Doubts Return on European Debt

May 11, 2010

Equities have swooned.  In a familiar pattern, the EUR 750 billion EU/IMF standby credit for ending the Euroland sovereign debt crisis produced only fleeting hope.  One concern is that all governments will not pass laws ratifying the accord.  Another is that the deal only postpones defaults.  A third is that the ECB’s purchase of bonds could prove inflationary.  Stocks fell by 2.0% in China, 1.4% in Hong Kong, 1.3% in Indonesia, 1.1% in Japan, Australia and India, 0.9% in Thailand, and 0.8% in Singapore.  In Europe, the Paris Cac and British Ftse have so far plunged 1.9% and 1.7%, while the Dax is 1.0% weaker.  U.S. stock futures have fallen, too.

In Britain, talks between the Conservatives and the Liberal Democrats remain snagged over the issue of election reform.

In further signs of elevated risk aversion, the yen strengthened 1.0% against the dollar, which otherwise appreciated 0.8% against the euro, 0.7% relative to the Aussie dollar and sterling, and 0.6% against the kiwi.  Gold advanced 0.9% to $1211.2 per ounce, and the dollar is steady against the Swiss franc.  Oil eased 1.4% to $75.73 per barrel.  The Canadian dollar is unchanged. 

The yield on ten-year bunds retreated seven basis points, while that on gilts rose 0.6%.  The JGB yield is unchanged.

Stocks in China have fallen more than 20.0% since November 23, making this cycle of loss an officials bear market.  The latest selling impetus came from Chinese data released overnight as well as European sovereign debt concerns.

  • Chinese CPI inflation accelerated more than expected to 2.8% in April from 2.4%.  Likewise, PPI inflation picked up to 6.8% from 5.9% in March, 5.4% in February, 4.3% in January, 1.7% in December and minus 7.0% last September.
  • Property price inflation posted a third straight on-year increase of more than 10%, a gain of 12.8% in the year to April after 11.7% in March and 10.7% in February.  Government curbs on property speculation haven’t yet hit prices.
  • New lending jumped by 774 billion yuan in April, 51.6% more than in March and equivalent to more than $110 billion. M2 increased 21.5% on year.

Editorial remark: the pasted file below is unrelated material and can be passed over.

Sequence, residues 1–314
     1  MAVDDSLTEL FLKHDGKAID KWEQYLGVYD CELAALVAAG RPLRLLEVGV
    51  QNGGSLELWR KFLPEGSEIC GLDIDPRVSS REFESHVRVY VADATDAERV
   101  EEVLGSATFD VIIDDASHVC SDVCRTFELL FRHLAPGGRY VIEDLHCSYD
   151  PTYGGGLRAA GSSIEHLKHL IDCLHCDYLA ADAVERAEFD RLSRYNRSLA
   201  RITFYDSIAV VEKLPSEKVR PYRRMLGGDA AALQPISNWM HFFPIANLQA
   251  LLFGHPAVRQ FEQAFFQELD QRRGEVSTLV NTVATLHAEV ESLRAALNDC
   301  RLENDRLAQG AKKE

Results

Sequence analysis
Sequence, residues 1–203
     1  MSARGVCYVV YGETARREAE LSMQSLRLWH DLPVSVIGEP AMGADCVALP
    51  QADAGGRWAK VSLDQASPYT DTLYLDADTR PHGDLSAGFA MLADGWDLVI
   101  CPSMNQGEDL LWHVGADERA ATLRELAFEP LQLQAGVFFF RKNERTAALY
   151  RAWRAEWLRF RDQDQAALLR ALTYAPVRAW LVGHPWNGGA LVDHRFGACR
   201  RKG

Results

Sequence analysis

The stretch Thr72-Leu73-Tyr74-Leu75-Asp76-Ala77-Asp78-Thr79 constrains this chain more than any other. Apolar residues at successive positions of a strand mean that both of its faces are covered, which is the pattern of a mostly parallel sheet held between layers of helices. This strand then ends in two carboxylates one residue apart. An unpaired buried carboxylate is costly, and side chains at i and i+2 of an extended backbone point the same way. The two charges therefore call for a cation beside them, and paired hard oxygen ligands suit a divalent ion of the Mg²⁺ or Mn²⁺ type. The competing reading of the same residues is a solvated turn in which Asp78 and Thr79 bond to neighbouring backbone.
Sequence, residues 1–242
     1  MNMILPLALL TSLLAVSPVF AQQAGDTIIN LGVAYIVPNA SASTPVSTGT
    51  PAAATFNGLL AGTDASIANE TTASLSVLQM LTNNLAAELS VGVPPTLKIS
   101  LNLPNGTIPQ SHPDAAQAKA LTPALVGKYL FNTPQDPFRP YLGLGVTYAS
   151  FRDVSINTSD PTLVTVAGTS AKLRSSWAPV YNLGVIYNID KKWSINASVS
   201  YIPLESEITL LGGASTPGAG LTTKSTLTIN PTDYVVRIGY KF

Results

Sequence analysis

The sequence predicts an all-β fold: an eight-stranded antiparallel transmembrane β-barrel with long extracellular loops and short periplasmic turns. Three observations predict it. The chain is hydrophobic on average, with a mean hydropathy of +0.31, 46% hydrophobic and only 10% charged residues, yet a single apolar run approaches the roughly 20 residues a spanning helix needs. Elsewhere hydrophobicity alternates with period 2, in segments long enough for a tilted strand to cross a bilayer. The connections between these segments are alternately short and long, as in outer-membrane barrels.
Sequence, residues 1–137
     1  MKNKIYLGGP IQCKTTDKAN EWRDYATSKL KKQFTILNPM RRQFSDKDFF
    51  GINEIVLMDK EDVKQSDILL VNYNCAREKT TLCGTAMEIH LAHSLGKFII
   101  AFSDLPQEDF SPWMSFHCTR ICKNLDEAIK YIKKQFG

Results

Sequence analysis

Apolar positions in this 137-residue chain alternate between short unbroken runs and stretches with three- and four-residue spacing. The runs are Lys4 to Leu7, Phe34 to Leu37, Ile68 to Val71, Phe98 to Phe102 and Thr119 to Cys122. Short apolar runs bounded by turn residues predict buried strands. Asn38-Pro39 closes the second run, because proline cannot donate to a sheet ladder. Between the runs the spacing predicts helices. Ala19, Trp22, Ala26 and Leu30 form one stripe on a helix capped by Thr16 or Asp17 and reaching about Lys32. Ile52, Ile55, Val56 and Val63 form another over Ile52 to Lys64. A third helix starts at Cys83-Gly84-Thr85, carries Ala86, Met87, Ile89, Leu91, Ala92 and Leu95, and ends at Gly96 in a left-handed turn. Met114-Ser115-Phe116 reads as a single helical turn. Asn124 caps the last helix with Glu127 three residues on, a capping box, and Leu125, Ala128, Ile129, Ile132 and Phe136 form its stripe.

• Retail sales on-year growth increased to 18.5% in April from 18.0% in March and 17.5% in December, and 15.5% last September.
  • Industrial production slowed, however, to 17.8% from 18.1% and was less than forecasts of an on-year advance of 18.5%.
  • Fixed asset investment in January-April was 26.1% greater than a year earlier, a sizable gain but less than the 30.5% increase in full-2009.

German wholesale prices jumped 1.7% in April following March’s 1.3% monthly increase.  On-year WPI inflation accelerated to 6.0% from 4.3% in the prior month, 0.2% in December and minus 7.0% in 2009.  Energy and food are largely to blame.  Consumer prices remain benign, dipping 0.1% on month and to a 12-month pace in April of 1.0%.  Non-energy consumer prices in Germany fell 0.3% last month and recorded only a 0.6% rise from April 2009.

British industrial production and factory output surprised on the upside with monthly gains in March of 2.0% and 2.3% following February’s increases of 0.9% and 1.4%.  Industrial production rose 1.2% last quarter but was unchanged from 1Q09.  Manufacturing posted first-quarter gains of 1.2% from 4Q09 and 1.5% on year.

According to British Retail Consortium data, same-store sales fell 2.3% in the year to April, reflecting the impact of a late Easter last year.  Total sales dipped 0.2%.  The Royal Institute of Chartered Surveyors reported a house price balance index of 17% in April, nearly double March’s reading of 6.3%.

The Swiss consumer climate index improved much more than anticipated to +14 in April from minus seven the month before.

Dutch consumer prices firmed 0.3% in April and 1.1% on year.  Airports in Iberia were again closed by volcanic ash in the atmosphere.

Swedish capacity usage jumped to 84.9% last quarter from 80.0% in 4Q09 and 78.0% in 3Q09.  Sweden reported lower CPI inflation than forecast for April.  The index was unchanged on month and up just 1.0% on year.  Core CPI was also flat on month and recorded a 2.2% gain from 12 months earlier.

Hungarian consumer prices increased 0.5% last month and by 5.7% from April 2009. Romanian consumer prices firmed 0.4% on month and 4.3% on year.

South Korea’s broad “L” money aggregate accelerated to a 12-month 10.7% pace of rise in March from 10.2% in February.  M2 rose 9.3% versus 9.4% on year in Feb.

Malaysian industrial production jumped 14.1% in the year to March, led by a 20.3% surge in factory output.

Turkey’s current account deficit of $9.9 billion last quarter was seven times larger than the deficit in the first quarter of 2009.

Australia’s budget envisages a return to surplus by fiscal 2012-13, much sooner than the government earlier had been predicting, but a proposed tax on resources is very unpopular.  Credit card spending in New Zealand fell 1.7% in April, the first drop in three months, following a 6.3% rise in March.

Scheduled U.S. data remains light today and includes the IBD/TIPP index of optimism and wholesale inventories.  Lockhart and Plosser of the Fed will be speaking for the record.  The Bank of Korea is not expected to announce a rate change after tomorrow’s meeting.

Copyright Larry Greenberg 2010.  All rights reserved.  No secondary distribution without express permission.



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